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Soon-to-be grads focus on fair trade

With only a semester left until graduation, Kyle Vucko set out for China to help his longtime friend Heikal Gani build Indochino. Indochino is the world’s first online service for hand-tailored men’s suits. Since this decision, made in 2006, Vucko and Gani have not looked back.

Indochino is focused on providing fashionable, quality suits without the frustration that can go along with picking a suit that’s priced well, is a good brand and fits properly.

“Indochino has always been about making fashion more accessible, regardless of body size,” Vucko said. “We have tons of suits to offer anyone. We know that picking a suit can be an intimidating process and we want to make this more accessible, and help make a more educational decision when picking a suit.”

Vucko knew firsthand the frustrations of being a young college student looking for a nice suit, and not being able to afford the name-brand price. This was the drive for Vucko and Gani’s Indochino, which has offices in Shanghai and British Columbia.

“Initially, our product was for students who were looking for quality suits for lower prices, (and) also since there were no products that spoke to students or younger-aged professionals,” Vucko said. “We are looking into the broader market for busy professionals, hard-to-fit body types (and) anyone who wants high-quality, stylish custom men’s suits for a reasonable price.”

Indochino has already sold suits to men all over the world, from Australia, China and Canada to major U.S. cities such as Chicago, Los Angeles and New York.

“The product has the biggest appeal to the American consumer,” Vucko said.

Indochino is centered around providing a sustainable and accessible means for supplying fair-trade fashion. Vucko and Gani work side by side with a number of local tailors, suppliers and design schools in China to produce suits that are shipped worldwide. “Everything we do deals with partnerships – we work with 20 local tailor businesses, accessory suppliers and design schools,” he said.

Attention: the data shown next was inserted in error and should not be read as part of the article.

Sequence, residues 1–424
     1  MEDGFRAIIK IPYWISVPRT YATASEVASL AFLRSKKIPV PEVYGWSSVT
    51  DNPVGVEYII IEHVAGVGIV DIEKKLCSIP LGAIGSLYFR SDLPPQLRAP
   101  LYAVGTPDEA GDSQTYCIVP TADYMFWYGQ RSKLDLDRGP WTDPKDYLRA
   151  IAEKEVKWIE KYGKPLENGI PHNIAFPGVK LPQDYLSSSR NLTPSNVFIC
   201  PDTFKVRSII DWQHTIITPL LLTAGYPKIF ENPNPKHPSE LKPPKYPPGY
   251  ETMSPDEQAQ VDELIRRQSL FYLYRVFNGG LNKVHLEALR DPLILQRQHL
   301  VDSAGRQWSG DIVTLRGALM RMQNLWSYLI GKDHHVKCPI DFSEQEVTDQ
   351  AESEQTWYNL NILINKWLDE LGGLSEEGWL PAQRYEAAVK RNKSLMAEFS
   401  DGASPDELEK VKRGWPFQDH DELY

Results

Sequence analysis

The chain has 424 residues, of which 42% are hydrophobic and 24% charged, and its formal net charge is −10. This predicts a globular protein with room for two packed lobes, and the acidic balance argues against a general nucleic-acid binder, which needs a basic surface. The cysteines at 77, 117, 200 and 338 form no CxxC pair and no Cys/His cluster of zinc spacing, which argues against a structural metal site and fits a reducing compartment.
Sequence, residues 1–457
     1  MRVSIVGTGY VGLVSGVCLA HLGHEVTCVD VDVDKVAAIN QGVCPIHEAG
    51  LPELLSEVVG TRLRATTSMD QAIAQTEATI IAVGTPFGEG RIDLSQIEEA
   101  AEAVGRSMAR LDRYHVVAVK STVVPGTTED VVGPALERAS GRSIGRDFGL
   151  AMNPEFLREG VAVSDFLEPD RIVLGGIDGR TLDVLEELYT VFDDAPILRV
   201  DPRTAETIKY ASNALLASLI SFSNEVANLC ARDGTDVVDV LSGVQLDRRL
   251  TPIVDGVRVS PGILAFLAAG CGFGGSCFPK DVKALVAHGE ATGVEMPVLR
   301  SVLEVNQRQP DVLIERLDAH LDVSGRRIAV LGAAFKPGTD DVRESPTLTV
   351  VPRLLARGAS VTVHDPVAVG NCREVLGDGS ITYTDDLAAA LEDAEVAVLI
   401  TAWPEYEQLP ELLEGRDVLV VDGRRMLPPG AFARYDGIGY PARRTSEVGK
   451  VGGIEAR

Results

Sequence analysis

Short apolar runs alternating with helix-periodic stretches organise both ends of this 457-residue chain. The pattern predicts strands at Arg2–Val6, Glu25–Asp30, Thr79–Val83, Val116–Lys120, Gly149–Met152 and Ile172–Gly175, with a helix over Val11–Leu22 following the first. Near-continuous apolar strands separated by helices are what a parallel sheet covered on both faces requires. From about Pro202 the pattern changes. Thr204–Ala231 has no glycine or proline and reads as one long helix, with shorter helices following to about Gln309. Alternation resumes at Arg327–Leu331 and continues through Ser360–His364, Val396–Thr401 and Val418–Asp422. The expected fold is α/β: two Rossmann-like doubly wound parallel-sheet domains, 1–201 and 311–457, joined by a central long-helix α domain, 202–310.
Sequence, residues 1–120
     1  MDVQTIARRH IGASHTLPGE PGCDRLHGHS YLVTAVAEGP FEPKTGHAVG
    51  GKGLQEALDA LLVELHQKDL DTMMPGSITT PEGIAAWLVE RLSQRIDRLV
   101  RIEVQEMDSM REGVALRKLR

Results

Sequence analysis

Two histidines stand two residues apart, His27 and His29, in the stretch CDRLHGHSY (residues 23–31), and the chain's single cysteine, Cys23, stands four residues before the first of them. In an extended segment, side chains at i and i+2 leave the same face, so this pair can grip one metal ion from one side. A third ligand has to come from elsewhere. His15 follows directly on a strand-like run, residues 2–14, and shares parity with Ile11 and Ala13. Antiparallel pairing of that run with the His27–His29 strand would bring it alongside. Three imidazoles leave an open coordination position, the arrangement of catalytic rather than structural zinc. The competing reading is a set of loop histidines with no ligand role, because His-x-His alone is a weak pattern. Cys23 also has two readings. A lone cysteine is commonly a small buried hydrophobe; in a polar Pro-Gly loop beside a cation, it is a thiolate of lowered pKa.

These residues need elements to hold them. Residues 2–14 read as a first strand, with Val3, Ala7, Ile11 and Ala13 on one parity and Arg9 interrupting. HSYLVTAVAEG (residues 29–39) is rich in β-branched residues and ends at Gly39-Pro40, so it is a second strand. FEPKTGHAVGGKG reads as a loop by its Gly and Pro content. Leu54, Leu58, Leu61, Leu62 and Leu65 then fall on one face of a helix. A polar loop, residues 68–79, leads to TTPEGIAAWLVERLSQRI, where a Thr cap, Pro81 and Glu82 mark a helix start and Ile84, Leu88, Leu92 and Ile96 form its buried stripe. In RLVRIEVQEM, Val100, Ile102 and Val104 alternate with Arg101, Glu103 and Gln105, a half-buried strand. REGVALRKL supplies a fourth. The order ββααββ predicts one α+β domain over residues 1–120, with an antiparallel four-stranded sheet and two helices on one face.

“Partnerships allow us to have access to a lot of different things without having to pay for the factory space – give us a lot more access for more production – and we pass on the cost savings for higher wages for our employees.”

When establishing a name for their new company, Vucko and Gani wanted to keep the name in the Asian perspective, since so much of their products’ production is in China.

“We wanted to focus our name around Asia, as so many clothing companies have had a bad reputation for doing bad business in these countries. We wanted to be up-front,” Vucko said.

“Indochino is doing good business in China, working with small businesses and tailors and paying them well.”

The company started with four investors, allowing it to set up in China and build a Web site to move the concept

“My business partner came up with the idea. I thought it was a cool concept and decided to run with the idea,” Vucko said.

“This has been far and beyond whatever I originally dreamed. I am working for myself, which is very rewarding, (and) I can see all of my work going right back into the business.”

Joseph DeJesus, a sophomore majoring in secondary education and mathematics, thinks the suits are a great idea for guys on a tight financial budget.

“A lot of suits out there are very expensive,” he said. “A lot of men out there love wearing suits, but can’t always afford it. So if he is providing a service like this, it can benefit many guys.”

Sophomore Neil Biswas agreed.

“Being that in the future I will have to buy more suits, I like the idea of being able to get a custom suit without spending an arm and a leg,” he said. “I also like the idea of Indochino offering fair business opportunities to small tailors and businesses in China. It relieves all the bad hype that some businesses get from the mass-produced/sweatshop concept.”